Concerns about PK interactions between oral or implantable hormonal contraceptives and ARV drugs should not prevent clinicians from prescribing hormonal contraceptives for individuals on ART who prefer this contraceptive method. However, an alternative or additional effective contraceptive method is recommended when there are significant drug interactions between hormonal contraceptives and ARV drugs (see drug interaction Tables 21a, 21b, and 21d and the Perinatal Guidelines).
Risk of HIV Acquisition and Transmission
Studies have produced conflicting data on the association between hormonal contraception and the risk of acquisition of HIV.50 Most of the retrospective studies were done in the setting where the partners with HIV were not taking ART. A retrospective secondary analysis of two studies of serodiscordant couples in Africa in which the partner with HIV was not receiving ART found that, compared to women who did not use hormonal contraception, those using hormonal contraception (with the majority of study participants using injectable DMPA) had a two-fold increased risk of acquiring or transmitting HIV. Higher genital HIV RNA concentrations have been found in women with HIV using hormonal contraception than in those not using hormonal contraceptives.51 Oral contraceptive use was not significantly associated with transmission of HIV; however, the number of women using oral contraceptives in this study was insufficient to adequately assess risk. A World Health Organization expert group reviewed all available evidence regarding hormonal contraception use and HIV transmission to a partner without HIV and recommended that individuals living with HIV can continue to use all existing hormonal contraceptive methods without restriction.52 Further research is needed to definitively determine whether hormonal contraceptive use is an independent risk factor for acquisition and transmission of HIV, particularly in the setting of ART. Regardless, the potential association of hormonal contraception use and HIV transmission in the absence of ART underscores the importance of ART-induced viral suppression to reduce transmission risk.
Intrauterine devices (IUDs) appear to be a safe and effective contraceptive option for individuals with HIV.53-55 Although studies have focused primarily on IUDs that do not contain hormones (e.g., copper IUD), several small studies have found that levonorgestrel-releasing IUDs are also safe and not associated with increased genital tract shedding of HIV.56-58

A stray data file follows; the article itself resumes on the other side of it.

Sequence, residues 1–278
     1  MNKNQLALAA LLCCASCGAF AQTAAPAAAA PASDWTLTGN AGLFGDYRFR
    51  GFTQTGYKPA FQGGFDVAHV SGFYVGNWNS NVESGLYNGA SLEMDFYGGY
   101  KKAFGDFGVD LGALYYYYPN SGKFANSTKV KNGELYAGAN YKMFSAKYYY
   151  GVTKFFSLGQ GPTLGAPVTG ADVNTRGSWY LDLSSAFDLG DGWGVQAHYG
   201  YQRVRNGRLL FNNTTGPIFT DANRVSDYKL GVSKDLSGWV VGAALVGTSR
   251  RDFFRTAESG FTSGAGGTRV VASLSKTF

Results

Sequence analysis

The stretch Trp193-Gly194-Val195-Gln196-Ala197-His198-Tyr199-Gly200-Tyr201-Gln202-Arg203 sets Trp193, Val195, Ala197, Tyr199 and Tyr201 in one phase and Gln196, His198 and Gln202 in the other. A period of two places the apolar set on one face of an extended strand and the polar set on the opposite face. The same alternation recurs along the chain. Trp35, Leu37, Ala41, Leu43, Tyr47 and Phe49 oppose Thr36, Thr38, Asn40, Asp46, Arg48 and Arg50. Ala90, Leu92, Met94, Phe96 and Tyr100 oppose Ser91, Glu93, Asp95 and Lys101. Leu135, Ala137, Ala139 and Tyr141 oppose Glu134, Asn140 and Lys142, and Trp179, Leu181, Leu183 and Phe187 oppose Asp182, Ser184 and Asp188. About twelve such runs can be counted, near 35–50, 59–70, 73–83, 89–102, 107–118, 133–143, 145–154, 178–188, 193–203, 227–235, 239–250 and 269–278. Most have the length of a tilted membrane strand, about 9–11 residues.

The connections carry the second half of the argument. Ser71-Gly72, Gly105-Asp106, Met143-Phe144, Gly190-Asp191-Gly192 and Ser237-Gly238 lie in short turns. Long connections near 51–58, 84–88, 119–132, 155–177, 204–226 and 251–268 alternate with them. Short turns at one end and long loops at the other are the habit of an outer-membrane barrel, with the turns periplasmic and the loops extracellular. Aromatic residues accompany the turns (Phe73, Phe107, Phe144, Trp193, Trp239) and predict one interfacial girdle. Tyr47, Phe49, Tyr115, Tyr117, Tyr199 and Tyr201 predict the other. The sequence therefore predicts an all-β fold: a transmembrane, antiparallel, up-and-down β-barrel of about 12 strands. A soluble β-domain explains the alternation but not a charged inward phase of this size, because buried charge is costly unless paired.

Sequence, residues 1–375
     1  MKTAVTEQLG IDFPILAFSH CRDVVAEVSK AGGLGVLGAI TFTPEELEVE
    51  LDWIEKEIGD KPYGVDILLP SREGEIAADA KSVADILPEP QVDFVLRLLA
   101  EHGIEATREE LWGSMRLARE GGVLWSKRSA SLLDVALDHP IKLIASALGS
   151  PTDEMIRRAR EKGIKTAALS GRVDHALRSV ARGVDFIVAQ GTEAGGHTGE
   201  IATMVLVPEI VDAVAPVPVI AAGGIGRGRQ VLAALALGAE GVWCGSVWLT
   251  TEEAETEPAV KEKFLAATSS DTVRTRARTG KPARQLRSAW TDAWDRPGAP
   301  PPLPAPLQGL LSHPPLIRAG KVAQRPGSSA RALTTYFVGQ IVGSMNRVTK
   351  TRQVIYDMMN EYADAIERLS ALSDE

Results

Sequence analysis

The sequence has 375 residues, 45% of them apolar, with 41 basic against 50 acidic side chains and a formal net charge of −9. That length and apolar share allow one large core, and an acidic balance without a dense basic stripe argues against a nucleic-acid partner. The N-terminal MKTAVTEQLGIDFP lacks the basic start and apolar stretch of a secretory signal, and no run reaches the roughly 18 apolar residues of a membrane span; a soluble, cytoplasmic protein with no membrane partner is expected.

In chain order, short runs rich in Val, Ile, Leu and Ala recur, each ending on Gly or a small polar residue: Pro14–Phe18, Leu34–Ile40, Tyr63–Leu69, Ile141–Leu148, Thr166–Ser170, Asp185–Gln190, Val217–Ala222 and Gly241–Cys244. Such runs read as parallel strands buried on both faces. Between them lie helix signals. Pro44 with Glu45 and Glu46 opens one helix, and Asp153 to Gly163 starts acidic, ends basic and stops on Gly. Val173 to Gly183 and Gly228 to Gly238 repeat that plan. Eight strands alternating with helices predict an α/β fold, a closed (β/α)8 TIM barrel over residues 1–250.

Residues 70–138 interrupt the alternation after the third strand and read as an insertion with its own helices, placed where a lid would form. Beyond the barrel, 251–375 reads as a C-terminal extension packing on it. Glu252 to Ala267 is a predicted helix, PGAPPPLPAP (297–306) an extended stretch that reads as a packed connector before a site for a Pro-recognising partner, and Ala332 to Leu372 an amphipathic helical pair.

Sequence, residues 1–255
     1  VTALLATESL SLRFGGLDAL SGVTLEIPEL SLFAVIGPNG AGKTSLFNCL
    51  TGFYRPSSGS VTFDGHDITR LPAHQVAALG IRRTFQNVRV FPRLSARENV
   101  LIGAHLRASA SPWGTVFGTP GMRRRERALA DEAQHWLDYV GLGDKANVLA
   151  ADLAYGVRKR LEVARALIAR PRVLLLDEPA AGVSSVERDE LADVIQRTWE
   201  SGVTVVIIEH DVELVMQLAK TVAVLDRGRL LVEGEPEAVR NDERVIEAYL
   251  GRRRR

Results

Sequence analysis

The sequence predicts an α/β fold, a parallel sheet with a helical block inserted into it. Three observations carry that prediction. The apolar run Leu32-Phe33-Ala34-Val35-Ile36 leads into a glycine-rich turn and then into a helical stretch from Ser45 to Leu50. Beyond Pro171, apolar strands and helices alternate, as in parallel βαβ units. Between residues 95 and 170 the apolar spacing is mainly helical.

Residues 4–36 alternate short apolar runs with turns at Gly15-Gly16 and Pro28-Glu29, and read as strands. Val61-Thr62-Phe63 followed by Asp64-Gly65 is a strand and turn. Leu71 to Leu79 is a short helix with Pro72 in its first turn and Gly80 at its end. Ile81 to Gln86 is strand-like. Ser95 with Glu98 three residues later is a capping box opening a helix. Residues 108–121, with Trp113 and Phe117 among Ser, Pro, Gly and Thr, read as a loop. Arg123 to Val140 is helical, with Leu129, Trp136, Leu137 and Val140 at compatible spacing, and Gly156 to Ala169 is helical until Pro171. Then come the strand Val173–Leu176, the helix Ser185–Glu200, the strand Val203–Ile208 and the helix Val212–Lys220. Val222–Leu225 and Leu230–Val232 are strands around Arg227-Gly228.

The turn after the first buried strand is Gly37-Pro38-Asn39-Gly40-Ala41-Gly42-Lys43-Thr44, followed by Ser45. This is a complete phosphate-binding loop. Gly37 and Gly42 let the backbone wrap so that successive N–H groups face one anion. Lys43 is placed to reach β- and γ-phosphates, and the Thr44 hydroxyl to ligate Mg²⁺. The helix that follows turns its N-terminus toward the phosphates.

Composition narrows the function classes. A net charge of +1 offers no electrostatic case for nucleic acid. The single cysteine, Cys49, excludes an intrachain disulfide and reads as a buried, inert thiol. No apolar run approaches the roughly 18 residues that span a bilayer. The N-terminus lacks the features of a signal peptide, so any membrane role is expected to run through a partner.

Clinicians caring for pregnant adults and adolescents with HIV should review the Perinatal Guidelines. The use of combination ARV regimens is recommended for all pregnant persons with HIV, regardless of virologic, immunologic, or clinical parameters, for their own health and to prevent transmission of HIV to the fetus (AI). Pregnant individuals with HIV should be counseled regarding the known benefits and risks of ARV use during pregnancy to the woman, fetus, and newborn. They should be counseled and strongly encouraged to receive ART for their own health and that of their infants. Open, nonjudgmental, and supportive discussion should be used to encourage them to adhere to care.
Prevention of Perinatal Transmission of HIV
The use of ART and the resultant reduction of HIV RNA levels decrease the risk of perinatal transmission of HIV.59-61 The goal of ART is to achieve maximal and sustained viral suppression throughout pregnancy. Long-term follow-up is recommended for all infants who were exposed to ART in utero, regardless of the infant’s HIV status (see the Perinatal Guidelines).
Antiretroviral Regimen Considerations
Pregnancy should not preclude the use of optimal ARV regimens. As in nonpregnant individuals, genotypic resistance testing is recommended for all pregnant persons before ARV initiation (AIII) and for those with detectable HIV RNA while on ART (AI). However, ART initiation should not be delayed pending genotypic resistance test results. The ARV regimen can be modified, if necessary, once the resistance test results are available (BIII). Unique considerations that influence recommendations on the ARVs to use during pregnancy include the following:
- Physiologic changes associated with pregnancy that potentially change the PKs of ARV drugs, which may affect ARV dosing at different stages of pregnancy;
- Potential ARV-associated adverse effects in pregnancy;
- Potential for nonadherence to a particular regimen during pregnancy; and
- Potential short-term and long-term effects of an ARV drug on the fetus and newborn, which are unknown for many drugs.
ART is considered the standard of care for pregnant individuals with HIV, both to treat HIV infection and prevent perinatal transmission of HIV. Clinicians should review the Perinatal Guidelines for ARV recommendations for individuals who have recently received an HIV diagnosis or those who become pregnant while on ART.